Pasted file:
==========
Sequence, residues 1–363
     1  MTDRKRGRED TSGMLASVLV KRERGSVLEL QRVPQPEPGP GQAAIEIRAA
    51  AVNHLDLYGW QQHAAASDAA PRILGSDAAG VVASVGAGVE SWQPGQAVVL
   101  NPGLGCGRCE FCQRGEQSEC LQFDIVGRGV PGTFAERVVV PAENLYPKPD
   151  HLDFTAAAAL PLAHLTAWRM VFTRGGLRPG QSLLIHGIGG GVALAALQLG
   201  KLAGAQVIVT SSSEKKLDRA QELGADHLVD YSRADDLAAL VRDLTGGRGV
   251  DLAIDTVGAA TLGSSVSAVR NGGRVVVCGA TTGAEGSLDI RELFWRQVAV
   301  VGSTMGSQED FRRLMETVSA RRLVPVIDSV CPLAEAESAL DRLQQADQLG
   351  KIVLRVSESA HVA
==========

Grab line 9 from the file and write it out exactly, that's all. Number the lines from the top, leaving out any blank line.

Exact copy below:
   351  KIVLRVSESA HVA